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On Mon, 9 Apr 2001, Joao Pedro de Magalhaes wrote:
> Until proven contrary, I maintain my opinion that caloric restriction or
> other manipulations of organisms' energy -- such as this research -- slow
> down aging by slowing down the rate at which the organism completes its
> genetic program. Although this might lead to extensions in human lifespan,
A genetic program for aging?
> it does not, at the moment, tell us anything about the basic mechanisms of
What is meant by basic mechanisms?
> aging. Finally, caloric restriction in animals (mice and monkeys) leads to
> diminished body functions which are undesirable for a normal human being
> (for instance, diminished physical abilities).
Yes, except mice and rats do *not* show a decreased overall metabolic
rate (per unit of body mass) under caloric restriction. Nor lessened
activity. Nor lessened intelligence. The possibility is still open
that the metabolic rate of individual organs or tissues is different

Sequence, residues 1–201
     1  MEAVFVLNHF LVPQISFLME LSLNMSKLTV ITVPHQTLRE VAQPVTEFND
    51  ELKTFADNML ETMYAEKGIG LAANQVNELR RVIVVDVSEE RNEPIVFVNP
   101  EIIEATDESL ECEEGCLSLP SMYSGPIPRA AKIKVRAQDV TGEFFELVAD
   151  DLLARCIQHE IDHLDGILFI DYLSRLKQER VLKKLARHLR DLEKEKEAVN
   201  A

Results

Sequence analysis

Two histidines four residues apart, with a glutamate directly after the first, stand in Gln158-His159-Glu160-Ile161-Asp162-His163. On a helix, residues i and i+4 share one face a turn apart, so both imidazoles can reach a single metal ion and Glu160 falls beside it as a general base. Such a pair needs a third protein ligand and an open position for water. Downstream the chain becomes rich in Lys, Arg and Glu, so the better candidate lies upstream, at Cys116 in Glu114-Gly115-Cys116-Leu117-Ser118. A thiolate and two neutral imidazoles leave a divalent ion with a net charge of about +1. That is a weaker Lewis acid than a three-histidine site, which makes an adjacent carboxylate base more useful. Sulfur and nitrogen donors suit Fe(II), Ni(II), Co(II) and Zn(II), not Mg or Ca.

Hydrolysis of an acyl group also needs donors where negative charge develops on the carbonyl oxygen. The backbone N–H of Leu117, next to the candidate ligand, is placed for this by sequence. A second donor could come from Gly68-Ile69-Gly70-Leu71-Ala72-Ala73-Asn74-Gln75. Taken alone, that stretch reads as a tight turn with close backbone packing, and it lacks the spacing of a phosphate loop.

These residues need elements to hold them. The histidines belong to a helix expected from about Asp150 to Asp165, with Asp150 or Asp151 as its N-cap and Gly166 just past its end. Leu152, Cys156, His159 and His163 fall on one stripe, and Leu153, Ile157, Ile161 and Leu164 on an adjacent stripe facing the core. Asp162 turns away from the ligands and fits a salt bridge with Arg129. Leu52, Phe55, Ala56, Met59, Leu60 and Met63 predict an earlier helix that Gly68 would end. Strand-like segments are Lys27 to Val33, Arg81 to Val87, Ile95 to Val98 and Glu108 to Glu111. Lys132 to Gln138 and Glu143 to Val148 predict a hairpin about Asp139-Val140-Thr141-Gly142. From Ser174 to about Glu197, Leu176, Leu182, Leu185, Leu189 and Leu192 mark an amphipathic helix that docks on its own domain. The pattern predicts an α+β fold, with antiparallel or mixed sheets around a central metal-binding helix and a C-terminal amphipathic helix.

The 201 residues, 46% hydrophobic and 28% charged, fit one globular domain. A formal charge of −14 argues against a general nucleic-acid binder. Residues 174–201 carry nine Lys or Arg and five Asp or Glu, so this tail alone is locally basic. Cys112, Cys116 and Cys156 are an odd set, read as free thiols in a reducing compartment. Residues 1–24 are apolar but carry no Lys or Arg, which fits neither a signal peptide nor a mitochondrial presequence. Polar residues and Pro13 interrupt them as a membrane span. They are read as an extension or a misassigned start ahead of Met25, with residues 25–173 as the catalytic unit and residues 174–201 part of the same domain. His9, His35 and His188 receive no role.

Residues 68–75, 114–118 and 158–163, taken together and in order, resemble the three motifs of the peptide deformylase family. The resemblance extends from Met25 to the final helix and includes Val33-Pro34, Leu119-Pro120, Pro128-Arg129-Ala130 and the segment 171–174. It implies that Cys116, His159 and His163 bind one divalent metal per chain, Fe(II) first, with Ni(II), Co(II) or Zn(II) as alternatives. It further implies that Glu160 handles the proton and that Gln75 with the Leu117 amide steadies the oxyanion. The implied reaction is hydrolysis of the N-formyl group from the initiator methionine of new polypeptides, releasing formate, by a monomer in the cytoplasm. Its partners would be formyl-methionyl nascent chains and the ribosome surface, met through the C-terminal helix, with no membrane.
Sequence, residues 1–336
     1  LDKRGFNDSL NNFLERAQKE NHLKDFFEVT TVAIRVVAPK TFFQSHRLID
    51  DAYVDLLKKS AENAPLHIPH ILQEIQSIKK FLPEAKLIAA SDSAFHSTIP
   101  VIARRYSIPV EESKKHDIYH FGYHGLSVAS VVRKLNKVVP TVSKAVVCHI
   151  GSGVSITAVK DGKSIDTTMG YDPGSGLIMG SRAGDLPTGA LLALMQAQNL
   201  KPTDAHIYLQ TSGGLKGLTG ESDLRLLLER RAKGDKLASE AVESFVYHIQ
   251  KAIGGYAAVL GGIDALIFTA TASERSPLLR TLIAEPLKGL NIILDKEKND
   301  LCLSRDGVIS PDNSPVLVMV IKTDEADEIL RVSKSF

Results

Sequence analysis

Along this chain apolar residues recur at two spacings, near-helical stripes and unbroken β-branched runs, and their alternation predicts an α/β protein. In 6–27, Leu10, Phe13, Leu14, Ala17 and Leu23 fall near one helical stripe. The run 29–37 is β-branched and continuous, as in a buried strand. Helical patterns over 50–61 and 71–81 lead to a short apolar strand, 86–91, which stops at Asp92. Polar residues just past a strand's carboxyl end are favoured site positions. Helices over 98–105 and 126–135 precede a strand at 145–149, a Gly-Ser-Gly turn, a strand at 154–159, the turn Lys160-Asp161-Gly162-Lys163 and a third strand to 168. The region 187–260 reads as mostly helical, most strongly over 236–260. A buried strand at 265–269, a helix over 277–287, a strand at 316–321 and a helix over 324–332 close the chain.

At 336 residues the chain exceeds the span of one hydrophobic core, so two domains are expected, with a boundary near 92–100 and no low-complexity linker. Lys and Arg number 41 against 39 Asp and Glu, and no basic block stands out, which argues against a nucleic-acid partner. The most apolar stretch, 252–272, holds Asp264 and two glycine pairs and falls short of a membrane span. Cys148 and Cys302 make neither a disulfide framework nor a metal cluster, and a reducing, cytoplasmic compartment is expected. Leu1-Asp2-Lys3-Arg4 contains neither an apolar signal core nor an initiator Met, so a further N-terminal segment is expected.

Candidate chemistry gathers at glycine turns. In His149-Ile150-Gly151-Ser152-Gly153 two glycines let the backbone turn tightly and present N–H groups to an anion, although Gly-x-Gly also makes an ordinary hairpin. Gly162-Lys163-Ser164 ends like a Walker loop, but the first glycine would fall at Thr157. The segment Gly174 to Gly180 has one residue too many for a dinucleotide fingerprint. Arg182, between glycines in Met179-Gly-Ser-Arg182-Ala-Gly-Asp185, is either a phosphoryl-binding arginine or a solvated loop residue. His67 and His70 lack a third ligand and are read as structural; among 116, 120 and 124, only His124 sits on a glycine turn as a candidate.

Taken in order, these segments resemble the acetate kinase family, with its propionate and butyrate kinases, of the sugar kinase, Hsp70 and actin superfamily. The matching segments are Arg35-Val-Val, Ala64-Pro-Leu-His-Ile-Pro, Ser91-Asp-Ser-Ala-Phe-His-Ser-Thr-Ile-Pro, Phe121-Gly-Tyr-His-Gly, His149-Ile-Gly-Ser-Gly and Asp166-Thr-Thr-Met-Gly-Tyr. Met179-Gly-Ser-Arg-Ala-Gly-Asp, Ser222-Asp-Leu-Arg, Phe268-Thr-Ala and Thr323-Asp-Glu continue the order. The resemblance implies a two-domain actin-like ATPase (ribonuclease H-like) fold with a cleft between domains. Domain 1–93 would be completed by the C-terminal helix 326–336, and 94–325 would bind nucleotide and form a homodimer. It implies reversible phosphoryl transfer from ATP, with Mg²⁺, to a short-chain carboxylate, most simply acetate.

under CR, with the whole body metabolic rate not significantly
Duffy, P. H., Feuers, R. J., Leakey, J. E. A., Hart, R. W. (1991).
Chronic caloric restriction in old female mice: Changes
in circadian rhythms of physiological and behavioral variables.
In L Fishbein (Ed.), Biological effects of dietary restriction
McCarter, R. J. M., Palmer, J. (1992).
Energy metabolism and aging: A lifelong study of Fischer 344 rats.
Am J Physiol 263, E448-E452
The only function that is consistantly diminished among animals whose
lives are prolonged by caloric restriction is fertility, which is not
an unacceptable side effect for many humans.
IRS gun 5th Group
Why are the above words in my signature? Check out:
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